A seemingly routine update of Louisiana's social studies standards has been delayed for two months amid criticism from former House Education Committee Chairman Ray Garofalo and others that the proposed benchmarks would paint an overly negative picture of America on race and other issues.
The delay follows a sometimes boisterous, five-hour Saturday hearing last month that included charges the standards would advance a bleak view of the nation's past.
"There is no reason to make students feel guilty," Garofalo said. "That is exactly what we are hearing today."
"We should teach the good things about this country," he added amid heavy applause.
Others said the proposed standards would inject critical race theory – the view that racism played a role in the nation's history that in some cases continues today – into public school classrooms.
"People are going to say this is critical race and you will have to deal with it," said Steven Wilson, one of the more two dozen citizens and officials who testified.
The comments surfaced during a June 26 hearing by a 27-member steering committee that is overseeing the update of social studies standards.
The controversy sparked by former House Education Committee Chairman Ray Garofalo keeps bubbling around the Legislature.
Critics did not cite specific passages in the proposed revisions.
Work groups for elementary, middle and high school students are going through multiple drafts of the revisions, which means proposals are constantly changing.
The committee will make recommendations to the state Board of Elementary and Secondary Education, which has the final say on the standards.
Officials said the recommendation will also be posted online to get more public feedback before any final action.
State Superintendent of Education Cade Brumley said, because of the heavy feedback sparked by the review, he is pushing back the next hearing from July 31 to Sept. 25.
"It is sensitive," Brumley said. "This is politically combustible."
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Rep. Kathy Edmonston, R-Gonzales, a former BESE member who has concerns about the revisions, said the issue reminds her of the years-long controversy in Louisiana and elsewhere over Common Core – the push to add rigor to reading, writing and math in public schools.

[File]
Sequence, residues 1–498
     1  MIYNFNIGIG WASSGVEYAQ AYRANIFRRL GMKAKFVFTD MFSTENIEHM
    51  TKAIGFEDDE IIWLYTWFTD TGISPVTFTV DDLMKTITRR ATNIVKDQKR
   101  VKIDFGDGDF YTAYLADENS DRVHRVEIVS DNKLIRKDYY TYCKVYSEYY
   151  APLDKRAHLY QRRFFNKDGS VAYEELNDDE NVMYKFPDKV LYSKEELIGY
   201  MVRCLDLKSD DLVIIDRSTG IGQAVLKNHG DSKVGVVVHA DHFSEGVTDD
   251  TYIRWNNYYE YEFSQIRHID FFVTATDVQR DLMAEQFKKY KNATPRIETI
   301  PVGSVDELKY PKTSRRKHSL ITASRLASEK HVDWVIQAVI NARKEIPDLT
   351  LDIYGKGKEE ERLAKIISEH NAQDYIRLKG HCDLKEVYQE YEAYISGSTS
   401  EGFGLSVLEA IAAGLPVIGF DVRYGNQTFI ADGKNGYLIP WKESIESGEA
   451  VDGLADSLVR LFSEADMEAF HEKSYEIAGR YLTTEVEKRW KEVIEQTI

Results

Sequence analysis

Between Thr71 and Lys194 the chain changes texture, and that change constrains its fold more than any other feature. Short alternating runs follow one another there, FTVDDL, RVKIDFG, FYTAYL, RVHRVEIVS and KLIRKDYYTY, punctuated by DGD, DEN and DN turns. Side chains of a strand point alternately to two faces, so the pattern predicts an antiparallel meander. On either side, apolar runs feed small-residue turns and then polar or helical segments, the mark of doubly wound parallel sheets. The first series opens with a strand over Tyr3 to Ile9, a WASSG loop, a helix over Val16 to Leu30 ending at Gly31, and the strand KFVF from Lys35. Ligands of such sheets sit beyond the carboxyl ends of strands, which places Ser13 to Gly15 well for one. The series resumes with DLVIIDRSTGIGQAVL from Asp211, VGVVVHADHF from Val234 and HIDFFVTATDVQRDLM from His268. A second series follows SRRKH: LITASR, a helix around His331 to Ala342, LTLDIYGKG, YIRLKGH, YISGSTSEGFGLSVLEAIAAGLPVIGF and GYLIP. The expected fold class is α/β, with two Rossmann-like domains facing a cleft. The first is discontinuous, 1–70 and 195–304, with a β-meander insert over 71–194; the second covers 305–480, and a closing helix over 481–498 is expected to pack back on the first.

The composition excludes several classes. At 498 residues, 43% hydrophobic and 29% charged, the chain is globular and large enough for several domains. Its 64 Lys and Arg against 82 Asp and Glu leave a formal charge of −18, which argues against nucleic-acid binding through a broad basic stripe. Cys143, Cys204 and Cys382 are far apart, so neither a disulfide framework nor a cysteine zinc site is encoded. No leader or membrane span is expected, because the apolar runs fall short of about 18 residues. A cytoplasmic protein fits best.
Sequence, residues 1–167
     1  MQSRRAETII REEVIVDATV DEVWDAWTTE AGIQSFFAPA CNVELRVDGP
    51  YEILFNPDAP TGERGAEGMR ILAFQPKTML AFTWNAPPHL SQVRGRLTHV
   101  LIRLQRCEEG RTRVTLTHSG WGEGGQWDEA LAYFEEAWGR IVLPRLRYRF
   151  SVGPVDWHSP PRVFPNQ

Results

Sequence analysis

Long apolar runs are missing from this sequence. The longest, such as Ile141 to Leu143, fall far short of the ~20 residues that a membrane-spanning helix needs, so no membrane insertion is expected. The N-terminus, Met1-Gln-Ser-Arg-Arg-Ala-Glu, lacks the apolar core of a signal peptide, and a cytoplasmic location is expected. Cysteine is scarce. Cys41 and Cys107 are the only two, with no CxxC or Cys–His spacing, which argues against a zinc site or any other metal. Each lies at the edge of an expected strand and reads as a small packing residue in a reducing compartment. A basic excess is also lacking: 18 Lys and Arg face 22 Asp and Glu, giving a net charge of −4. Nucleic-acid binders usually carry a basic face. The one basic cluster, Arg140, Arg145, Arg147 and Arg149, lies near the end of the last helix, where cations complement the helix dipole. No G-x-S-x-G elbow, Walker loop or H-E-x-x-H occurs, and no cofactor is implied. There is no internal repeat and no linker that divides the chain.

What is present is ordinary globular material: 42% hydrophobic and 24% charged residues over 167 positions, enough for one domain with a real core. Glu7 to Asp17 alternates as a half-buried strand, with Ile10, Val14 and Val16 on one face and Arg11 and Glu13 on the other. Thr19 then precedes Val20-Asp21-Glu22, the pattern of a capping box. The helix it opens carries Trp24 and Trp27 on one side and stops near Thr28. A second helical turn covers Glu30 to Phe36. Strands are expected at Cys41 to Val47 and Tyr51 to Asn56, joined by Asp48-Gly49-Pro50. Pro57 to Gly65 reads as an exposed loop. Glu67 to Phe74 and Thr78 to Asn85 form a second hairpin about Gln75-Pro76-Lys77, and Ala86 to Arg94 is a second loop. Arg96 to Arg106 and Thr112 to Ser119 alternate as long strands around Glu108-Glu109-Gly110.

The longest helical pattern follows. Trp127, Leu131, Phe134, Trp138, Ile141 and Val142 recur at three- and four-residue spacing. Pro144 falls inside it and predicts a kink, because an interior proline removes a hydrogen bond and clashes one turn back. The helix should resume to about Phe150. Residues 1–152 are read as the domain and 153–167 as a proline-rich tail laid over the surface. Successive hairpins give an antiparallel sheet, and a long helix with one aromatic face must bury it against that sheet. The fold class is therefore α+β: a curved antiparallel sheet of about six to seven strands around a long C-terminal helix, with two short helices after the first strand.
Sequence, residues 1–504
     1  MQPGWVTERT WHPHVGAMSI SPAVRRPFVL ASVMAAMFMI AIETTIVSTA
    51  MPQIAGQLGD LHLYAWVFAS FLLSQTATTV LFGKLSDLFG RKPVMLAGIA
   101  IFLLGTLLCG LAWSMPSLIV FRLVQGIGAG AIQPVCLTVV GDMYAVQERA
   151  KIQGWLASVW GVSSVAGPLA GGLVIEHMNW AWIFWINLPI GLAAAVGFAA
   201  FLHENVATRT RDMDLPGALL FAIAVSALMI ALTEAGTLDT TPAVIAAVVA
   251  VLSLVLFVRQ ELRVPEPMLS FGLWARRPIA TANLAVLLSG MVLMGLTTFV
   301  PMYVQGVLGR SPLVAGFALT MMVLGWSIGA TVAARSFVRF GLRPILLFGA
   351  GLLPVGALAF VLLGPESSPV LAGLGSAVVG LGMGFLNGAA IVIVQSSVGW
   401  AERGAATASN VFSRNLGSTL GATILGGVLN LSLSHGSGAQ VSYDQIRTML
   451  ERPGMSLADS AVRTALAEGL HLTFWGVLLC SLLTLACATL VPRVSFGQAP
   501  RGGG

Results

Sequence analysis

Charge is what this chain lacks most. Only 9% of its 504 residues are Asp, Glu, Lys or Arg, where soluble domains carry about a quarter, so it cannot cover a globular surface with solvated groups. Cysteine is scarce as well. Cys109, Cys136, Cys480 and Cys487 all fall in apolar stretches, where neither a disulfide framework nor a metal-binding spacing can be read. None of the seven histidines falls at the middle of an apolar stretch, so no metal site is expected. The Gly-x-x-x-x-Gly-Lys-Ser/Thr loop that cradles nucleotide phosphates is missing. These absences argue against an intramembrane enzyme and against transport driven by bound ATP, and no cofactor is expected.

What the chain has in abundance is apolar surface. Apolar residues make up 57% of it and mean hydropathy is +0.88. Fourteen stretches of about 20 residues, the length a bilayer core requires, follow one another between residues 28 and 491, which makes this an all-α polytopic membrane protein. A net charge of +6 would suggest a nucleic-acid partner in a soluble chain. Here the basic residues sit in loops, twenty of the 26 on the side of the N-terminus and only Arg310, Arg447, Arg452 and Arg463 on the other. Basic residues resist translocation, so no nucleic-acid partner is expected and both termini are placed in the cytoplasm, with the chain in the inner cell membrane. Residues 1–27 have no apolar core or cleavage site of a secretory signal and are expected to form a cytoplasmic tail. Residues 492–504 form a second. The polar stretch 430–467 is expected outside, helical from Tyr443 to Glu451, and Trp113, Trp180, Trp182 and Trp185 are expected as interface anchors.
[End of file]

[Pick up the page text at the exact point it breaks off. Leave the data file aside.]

Louisiana's public school course standards are supposed to be updated every seven years.
The benchmarks for social studies were scheduled to be revised by 2017. Brumley said the current process began in December, and well before critical race theory became a hot topic.
Advocates contend the nation's racial history has been underplayed in textbooks, and that students deserve a hard look at racial sins that continue today.
The centrality of racism and a commitment to social justice are among the key tenets of critical race theory, according to Tina M. Harris, professor of the Endowed Chair of Race, Media and Cultural Studies Program at LSU. Harris said the studies are not meant to make people feel guilty, and she said she has been surprised by the pushback the theory is getting.
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Critics says critical race theory unfairly brands White students as part of an oppressive majority and Black students as victims of that oppression.
"I don't believe critical race theory should be taught in K-12 education," Brumley said. "We have to teach the truth about our history, but we also live in the greatest country on the planet."
"This is America. And we should teach kids that if you respect your elders, if you work hard you can make your way in the world," he said.
Rep. Valarie Hodges, R-Denham Springs, who has encouraged GOP activists to get involved on the issue, was at last month's hearing and said citizens are taking notice. "There is a groundswell of people that say we don't want those children to get this victim mentality," Hodges said.
Carol Rooney, who described herself as a mother, grandmother and taxpayer, told the steering committee she has problems with its work.
"I am here to object to any form of critical race theory in Louisiana elementary and secondary schools," Rooney said. "The goal of critical race theory is to create divisions based purely upon school color."
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Rep. Chuck Owen, R-Rosepine, told the group that children should be taught about slavery but also that the United States "corrected great wrongs.'
"We have made many mistakes in this country, but we tried to fix them," Owen said. "We are a moral country."
Garofalo became embroiled in controversy after he offered a bill that he said would prevent college professors from teaching "divisive concepts," including the view that Louisiana and the United States have historically been racist. He said classrooms should be free to discuss controversial topics, including "the good, the bad, the ugly" of slavery.
Garofalo quickly corrected himself that there was any "good" in slavery but was later removed as chairman of the House Education Committee because of the fallout. He told the steering committee last month he had been "vilified" on social media over the episode.
Woody Jenkins, a member of the steering committee, said he is bothered that schools could use an "inquiry based approach" to teaching social studies.
"You have to give kids a fundamental basis to understand some facts and then they have enough information to ask questions," Jenkins said.